Goldilocks economy has a few tricks in case bears turn nasty

Jessica Irvine | Sydney Morning Herald | January 18, 2012

Christmas trees still line our streets, emitting a pungent reminder of festive days past, but a fresh season of economic doomsday-ism is already upon us.

By now you’re probably familiar with the Armageddon scenario: the collapse of the euro zone; a messy default by the Greek government on its debts; a freezing of the global credit system; and the dawning of a new economic ice age.
Happy New Year, everyone. So what exactly does 2012 hold in store for the Australian economy?
It’s true, there’s no shortage of things to worry about. There is a persistent risk things will go spectacularly belly-up for the world economy. More on that later.
On the home front, there are fears too as banks shed jobs amid slower borrowing and the high Aussie dollar hurts manufacturing and tourism. But here’s a tantalising thought: What if the Australian economy, while not poised for a stellar year, is nonetheless well poised for a relatively solid performance in 2012?
Amid all the gloom and doom about Europe, the Reserve Bank was at the end of last year still tipping economic growth to return to its historic average with inflation smack bang in the middle of its target range of 2 to 3 per cent. The official forecast is for a Goldilocks economy – one running neither too hot nor too cold.
Back when mining boom mark I was firing up in the mid-2000s, then Reserve Bank governor Ian Macfarlane predicted the end of the Goldilocks period of high growth and low inflation. He warned that, after a decade-and-a-half of uninterrupted growth: ”I think we will have to get used to seeing GDP growth rates starting with the numbers 2 or 3 rather than 3 or 4 for a time.”
When it comes to the macro-economy, economists have long observed a trade-off between growth and inflation. Too much growth and you get price pressures. Too much inflation and it becomes necessary to raise borrowing costs to slow growth and cool inflation, thereby preserving the value of incomes and savings.
Goldilocks economy is one growing fast enough to generate jobs, but not too fast as to create skills shortages and excessive wage demands and inflation. Not too hot, not too cold. But just right.
When it looked like the porridge bowl was boiling over in the mid-2000s, the Reserve lifted mortgage rates to an eye-wateringly high 9.5 per cent in 2008.
Inflation still crept up, hitting 5 per cent in the September quarter of 2008, just before the collapse of Lehman Brothers forced a quick reversal of strategy.
By contrast, we begin 2012 with the inflation genie back in the bottle. Underlying inflation over the year that ended in December is forecast to be 2.5 per cent (excluding the impact of the carbon price, 2.75 per cent with it). The economy is expected to grow roughly in line with its historic average at about 3 per cent thanks to continued strong mining investment and a rebound in production from the floods of a year ago.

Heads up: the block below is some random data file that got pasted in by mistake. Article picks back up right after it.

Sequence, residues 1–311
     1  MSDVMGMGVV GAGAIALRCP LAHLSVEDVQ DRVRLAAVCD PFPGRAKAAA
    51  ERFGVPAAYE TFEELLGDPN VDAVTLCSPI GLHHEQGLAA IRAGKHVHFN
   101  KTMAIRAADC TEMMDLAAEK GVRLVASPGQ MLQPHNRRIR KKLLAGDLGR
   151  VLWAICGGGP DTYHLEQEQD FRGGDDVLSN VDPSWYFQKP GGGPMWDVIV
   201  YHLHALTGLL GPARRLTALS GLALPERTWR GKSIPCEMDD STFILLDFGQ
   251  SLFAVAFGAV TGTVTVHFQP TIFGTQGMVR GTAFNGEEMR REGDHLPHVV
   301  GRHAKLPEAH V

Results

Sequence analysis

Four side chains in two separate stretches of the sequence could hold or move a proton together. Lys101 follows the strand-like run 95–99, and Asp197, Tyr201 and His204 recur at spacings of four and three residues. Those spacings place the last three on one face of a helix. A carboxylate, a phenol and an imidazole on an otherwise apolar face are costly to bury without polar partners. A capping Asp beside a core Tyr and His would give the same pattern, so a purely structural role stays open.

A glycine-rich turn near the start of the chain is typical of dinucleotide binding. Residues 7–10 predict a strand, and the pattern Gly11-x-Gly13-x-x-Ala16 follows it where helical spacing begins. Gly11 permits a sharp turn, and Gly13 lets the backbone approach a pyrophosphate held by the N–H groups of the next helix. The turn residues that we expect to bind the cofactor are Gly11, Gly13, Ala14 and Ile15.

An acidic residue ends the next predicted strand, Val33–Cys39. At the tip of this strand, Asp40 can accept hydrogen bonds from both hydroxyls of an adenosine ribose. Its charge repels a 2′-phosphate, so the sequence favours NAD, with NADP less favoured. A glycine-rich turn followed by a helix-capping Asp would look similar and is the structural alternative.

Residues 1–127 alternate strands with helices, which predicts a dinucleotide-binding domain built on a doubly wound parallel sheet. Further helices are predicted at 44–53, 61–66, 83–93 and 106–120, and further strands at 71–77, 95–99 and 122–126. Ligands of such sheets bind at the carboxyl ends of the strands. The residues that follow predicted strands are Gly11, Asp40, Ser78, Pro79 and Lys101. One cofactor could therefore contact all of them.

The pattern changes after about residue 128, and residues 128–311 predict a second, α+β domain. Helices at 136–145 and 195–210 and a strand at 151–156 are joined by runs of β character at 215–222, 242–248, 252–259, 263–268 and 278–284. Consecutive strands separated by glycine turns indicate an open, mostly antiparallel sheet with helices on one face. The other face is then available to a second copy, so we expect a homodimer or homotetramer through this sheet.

In truth, however, unlike Goldilocks’s bowl of ”just right” porridge, the Australian economy is more like a bowl of piping hot porridge (the mining sector) covered liberally with fresh-from-the-fridge milk (manufacturing, tourism et al).
Unlike the previous mining boom when inflation pressure abounded, this time a turbocharged Australian dollar is acting as a significant restraint on other parts of the economy. A more cautious attitude by households to debt is also putting pressure on the retail and banking sectors. This is tough on employers and employees in these sectors, but, in the eyes of the Reserve, necessary if we are to avoid the inflation pressures of the first mining boom.
There is a tantalising possibility that this could be a relatively good year for the Australian economy, one in which we eke out moderate growth but without the inflation threat that has dogged us for so long. Importantly, the absence of price pressures leaves the Reserve Bank with more room to cut interest rates if needed.
Because – make no mistake – this is a Goldilocks economy slumbering under the shadow of some rather large market bears.
The papa bear in this picture is Europe and the potential for a messy default by any number of struggling European nations, Greece foremost among them.
An uncertain political and economic year also looms in the United States. A slowing in Chinese economic production also remains a big threat to orders for Australian mineral exports. Chinese growth figures released yesterday reveal the Chinese economy is growing at its slowest pace in 2½ years, albeit still at an annual rate of 8.9 per cent.
Perhaps the most important thing to grasp about the global economy in 2012 is that we face a situation of asymmetric risk. There is a good possibility the Europeans will muddle through and global growth, on average, will be simply tepid. But there is also a non-negligible possibility that turmoil in Europe could spark a global recession.
If it’s good, it’ll be moderately good. If it’s bad, it may be horrid.
If the latter proves to be the case, Australia will still be cushioned to some extent. Interest rates here are at about their historic average, providing plenty of firepower to stimulate activity with rate cuts.
Australia’s budget situation also remains the envy of the world. If economists’ worst fears were becoming reality, and jobs were under threat, you could be sure the Gillard government’s dedication to delivering a surplus would be the first overboard.
There remain reasons for optimism amid the gloom.

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